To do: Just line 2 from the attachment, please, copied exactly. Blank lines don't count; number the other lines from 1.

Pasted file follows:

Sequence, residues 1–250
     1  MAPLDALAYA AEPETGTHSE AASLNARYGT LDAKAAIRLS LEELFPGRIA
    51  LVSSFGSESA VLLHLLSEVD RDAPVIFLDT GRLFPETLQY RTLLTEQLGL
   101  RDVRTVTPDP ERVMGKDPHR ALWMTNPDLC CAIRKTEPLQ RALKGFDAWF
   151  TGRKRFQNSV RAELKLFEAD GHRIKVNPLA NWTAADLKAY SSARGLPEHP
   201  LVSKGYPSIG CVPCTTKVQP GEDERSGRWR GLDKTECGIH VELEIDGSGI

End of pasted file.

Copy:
     1  MAPLDALAYA AEPETGTHSE AASLNARYGT LDAKAAIRLS LEELFPGRIA